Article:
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He called at ten o'clock, the same time he always did.
Even before Miranda answered it, she knew it was him. She also knew that if she ignored it the phone would keep on ringing and ringing, until the sound would drive her crazy. Miranda paced the bedroom, thinking, I don't have to answer it. I don't have to talk to him. I don't owe him a thing, not a damn thing.
The ringing stopped. In the sudden silence she held her breath, hoping that this time he would relent, this time he would understand she'd meant what she told him.
The renewed jangling made her start. Every ring was like sandpaper scraping across her raw nerves.
Miranda couldn't stand it any longer. Even as she picked up the receiver she knew it was a mistake. "Hello?"
"I miss you," he said. It was the same whisper, resonant with the undertones of old intimacies shared, enjoyed.
"I don't want you to call me anymore," she said. "I couldn't help it. All day I've wanted to call you. Miranda, it's been hell without you."
Tears stung her eyes. She took a breath, forcing them back.
"Can't we try again?" he pleaded. "No, Richard."
"Please. This time it'll be different."
"It'll never be different."
"Yes! It will"
"It was a mistake. From the very beginning."
"You still love me. I know you do. God, Miranda, all these weeks, seeing you every day. Not being able to touch you. Or even be alone with you"
"You won't have to deal with that any longer, Richard. You have my letter of resignation. I meant it."
There was a long silence, as though the impact of her words had pummeled him like some physical blow. She felt euphoric and guilty all at once. Guilty for having broken free, for being, at last, her own woman.
Softly he said, "I told her."
Miranda didn't respond.
"Did you hear me?" he asked. "I told her. Everything about us. And I've been to see my lawyer. I've changed the terms of my"
"Richard," she said slowly. "It doesn't make a difference. Whether you're married or divorced, I don't want to see you."
"Just one more time."
"I'm coming over. Right now"
"You have to see me, Miranda!"
"I don't have to do anything!" she cried. "I'll be there in fifteen minutes." Miranda stared in disbelief at the receiver. He'd hung up. Damn him, he'd hung up, and fifteen minutes from now he'd be knocking on her door. She'd managed to carry on so bravely these past three weeks, working side by side with him, keeping her smile polite, her voice neutral. But now he was coming and he'd rip away her mask of control and there they'd be again, spiraling into the same old trap she'd just managed to crawl out of.
She ran to the closet and yanked out a sweatshirt. She had to get away. Somewhere he wouldn't find her, somewhere she could be alone.
She fled out the front door and down the porch steps and began to walk, swiftly, fiercely, down Willow Street. At ten-thirty, the neighborhood was already tucked in for the night. Through the windows she passed she saw the glow of lamplight, the silhouettes of families in various domestic poses, the occasional flicker of a fire in a hearth. She felt that old envy stir inside her again, the longing to be part of the same loving whole, to be stirring the embers of her own hearth. Foolish dreams.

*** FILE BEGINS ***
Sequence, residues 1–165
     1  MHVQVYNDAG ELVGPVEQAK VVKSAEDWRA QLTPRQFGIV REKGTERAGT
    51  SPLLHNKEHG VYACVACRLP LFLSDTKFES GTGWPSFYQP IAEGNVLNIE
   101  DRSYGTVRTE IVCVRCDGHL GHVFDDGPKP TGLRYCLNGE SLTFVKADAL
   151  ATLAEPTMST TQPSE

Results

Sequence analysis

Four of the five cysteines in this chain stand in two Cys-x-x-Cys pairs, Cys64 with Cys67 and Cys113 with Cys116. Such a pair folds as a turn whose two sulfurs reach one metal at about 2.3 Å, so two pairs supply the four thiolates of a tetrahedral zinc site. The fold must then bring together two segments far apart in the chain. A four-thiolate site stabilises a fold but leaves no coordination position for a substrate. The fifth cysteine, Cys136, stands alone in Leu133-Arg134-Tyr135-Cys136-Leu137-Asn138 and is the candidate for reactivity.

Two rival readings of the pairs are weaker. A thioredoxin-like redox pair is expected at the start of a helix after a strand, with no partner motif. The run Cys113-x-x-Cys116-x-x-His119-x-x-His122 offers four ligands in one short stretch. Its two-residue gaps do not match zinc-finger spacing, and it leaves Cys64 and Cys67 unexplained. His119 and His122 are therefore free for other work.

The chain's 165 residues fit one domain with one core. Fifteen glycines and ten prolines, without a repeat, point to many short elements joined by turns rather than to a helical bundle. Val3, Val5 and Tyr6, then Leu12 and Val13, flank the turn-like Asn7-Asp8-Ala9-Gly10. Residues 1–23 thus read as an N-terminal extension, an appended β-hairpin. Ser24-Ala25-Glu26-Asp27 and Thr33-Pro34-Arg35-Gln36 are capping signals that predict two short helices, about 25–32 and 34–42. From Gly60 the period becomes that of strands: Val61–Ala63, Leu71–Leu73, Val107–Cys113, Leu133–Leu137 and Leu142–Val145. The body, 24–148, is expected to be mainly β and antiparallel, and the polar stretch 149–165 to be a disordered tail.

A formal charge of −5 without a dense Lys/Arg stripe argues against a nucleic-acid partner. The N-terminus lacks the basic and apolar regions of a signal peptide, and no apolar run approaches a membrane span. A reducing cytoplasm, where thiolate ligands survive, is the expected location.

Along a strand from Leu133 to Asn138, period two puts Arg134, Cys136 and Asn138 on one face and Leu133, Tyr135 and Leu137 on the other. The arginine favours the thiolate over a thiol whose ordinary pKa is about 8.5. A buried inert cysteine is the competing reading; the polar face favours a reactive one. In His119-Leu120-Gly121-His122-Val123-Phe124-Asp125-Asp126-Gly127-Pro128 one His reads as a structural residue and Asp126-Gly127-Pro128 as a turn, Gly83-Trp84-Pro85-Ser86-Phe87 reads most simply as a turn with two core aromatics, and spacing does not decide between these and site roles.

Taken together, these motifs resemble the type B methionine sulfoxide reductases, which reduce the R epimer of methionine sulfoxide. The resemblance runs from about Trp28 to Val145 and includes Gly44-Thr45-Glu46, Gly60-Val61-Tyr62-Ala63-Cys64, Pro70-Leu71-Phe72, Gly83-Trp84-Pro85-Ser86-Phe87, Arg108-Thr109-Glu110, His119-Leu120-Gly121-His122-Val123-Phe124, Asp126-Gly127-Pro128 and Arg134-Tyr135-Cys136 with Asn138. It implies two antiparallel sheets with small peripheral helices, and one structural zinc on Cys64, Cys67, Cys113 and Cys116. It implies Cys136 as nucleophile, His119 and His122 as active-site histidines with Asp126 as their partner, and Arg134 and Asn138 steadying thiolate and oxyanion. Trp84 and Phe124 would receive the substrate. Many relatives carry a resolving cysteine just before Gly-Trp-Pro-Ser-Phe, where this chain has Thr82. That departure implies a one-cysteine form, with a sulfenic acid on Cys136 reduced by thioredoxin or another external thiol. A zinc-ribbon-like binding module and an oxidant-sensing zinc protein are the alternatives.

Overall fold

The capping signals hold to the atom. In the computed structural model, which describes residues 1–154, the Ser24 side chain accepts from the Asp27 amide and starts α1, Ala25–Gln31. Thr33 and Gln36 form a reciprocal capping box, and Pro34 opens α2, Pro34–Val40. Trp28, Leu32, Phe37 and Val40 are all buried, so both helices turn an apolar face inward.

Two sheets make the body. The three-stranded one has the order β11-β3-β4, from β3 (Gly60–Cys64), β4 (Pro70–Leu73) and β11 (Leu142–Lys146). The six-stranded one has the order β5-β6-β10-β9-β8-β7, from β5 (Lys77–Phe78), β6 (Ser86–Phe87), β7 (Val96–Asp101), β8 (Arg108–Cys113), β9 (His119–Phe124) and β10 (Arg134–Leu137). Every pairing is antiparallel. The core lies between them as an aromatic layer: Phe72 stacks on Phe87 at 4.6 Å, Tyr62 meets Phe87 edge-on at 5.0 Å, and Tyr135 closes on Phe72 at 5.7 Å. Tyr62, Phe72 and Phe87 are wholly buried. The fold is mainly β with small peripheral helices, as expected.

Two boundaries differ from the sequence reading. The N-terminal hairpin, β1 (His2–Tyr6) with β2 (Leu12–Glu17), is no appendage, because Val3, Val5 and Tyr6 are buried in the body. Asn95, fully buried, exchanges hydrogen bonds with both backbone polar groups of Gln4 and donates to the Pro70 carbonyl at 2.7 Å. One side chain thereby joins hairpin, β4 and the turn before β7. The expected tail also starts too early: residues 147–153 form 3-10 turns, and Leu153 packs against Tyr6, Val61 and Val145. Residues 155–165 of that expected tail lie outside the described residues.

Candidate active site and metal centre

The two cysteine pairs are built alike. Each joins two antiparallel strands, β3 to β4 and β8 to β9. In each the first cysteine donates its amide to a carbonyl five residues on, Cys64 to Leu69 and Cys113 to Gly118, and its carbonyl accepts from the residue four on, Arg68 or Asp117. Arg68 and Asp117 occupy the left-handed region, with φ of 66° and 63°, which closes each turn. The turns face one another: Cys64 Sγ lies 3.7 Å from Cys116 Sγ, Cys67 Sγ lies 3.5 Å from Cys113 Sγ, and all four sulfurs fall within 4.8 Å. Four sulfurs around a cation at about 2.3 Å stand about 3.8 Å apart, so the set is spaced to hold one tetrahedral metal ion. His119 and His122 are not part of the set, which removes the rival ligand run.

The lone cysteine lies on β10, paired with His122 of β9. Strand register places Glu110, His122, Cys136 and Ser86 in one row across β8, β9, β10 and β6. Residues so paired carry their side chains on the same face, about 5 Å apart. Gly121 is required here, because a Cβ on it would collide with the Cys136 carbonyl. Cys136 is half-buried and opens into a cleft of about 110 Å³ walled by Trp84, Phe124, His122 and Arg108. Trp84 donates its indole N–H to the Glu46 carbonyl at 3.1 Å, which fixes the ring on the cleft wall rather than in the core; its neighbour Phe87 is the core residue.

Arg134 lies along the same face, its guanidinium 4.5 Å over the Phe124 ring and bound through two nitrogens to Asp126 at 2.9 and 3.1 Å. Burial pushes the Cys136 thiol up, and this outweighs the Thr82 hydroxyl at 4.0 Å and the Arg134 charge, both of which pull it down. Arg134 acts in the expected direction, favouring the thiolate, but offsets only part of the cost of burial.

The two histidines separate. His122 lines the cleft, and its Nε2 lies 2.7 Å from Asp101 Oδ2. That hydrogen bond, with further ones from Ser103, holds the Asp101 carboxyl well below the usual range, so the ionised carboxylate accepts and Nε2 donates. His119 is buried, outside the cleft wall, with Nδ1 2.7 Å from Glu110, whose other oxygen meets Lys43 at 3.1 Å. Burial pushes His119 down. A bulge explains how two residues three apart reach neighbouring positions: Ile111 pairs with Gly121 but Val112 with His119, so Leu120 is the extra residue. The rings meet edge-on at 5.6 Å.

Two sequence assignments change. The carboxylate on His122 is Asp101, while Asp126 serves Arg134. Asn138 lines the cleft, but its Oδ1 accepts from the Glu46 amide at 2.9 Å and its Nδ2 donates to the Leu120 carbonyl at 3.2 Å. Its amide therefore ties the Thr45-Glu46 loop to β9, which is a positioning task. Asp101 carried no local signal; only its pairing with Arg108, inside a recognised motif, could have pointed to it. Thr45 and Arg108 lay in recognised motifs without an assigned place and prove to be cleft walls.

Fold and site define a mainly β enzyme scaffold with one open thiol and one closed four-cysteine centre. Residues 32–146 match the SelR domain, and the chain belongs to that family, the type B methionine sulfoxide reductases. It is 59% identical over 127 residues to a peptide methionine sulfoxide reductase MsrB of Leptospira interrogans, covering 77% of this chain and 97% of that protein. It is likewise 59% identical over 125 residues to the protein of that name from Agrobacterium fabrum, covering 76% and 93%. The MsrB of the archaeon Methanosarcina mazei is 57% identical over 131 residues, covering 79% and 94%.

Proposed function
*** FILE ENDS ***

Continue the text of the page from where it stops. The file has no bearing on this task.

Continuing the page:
Shivering, she hugged her arms to her chest. There was a chill in the air, not unseasonable for August in Maine. She was angry now, angry about being cold, about being driven from her own home. Angry at him. But she didn't stop; she kept walking.
At Bayview Street she turned right, toward the sea.
The mist was rolling in. It blotted out the stars, crept along the road in a sullen vapor. She headed through it, the fog swirling in her wake. From the road she turned onto a footpath, followed it to a series of granite steps, now slick with mist. At the bottom was a wood benchshe thought of it as her benchset on the beach of stones. There she sat, drew her legs up against her chest and stared out toward the sea. Somewhere, drifting on the bay, a buoy was clanging. She could dimly make out the green channel light, bobbing in the fog.
By now he would be at her house. She wondered how long he'd knock at the door. Whether he'd keep knocking until her neighbor Mr. Lanzo complained. Whether he'd give up and just go home, to his wife, to his son and daughter.
She lowered her face against her knees, trying to blot out the image of the happy little Tremain family. Happy was not the picture Richard had painted. At the breaking point was the way he'd described his marriage. It was love for Phillip and Cassie, his children, that had kept him from divorcing Evelyn years ago. Now the twins were nineteen, old enough to accept the truth about their parents' marriage. What stopped him from divorce now was his concern for Evelyn, his wife. She needed time to adjust, and if Miranda would just be patient, would just love him enough, the way he loved her, it would all work out
Oh, yes. Hasn't it worked out just fine?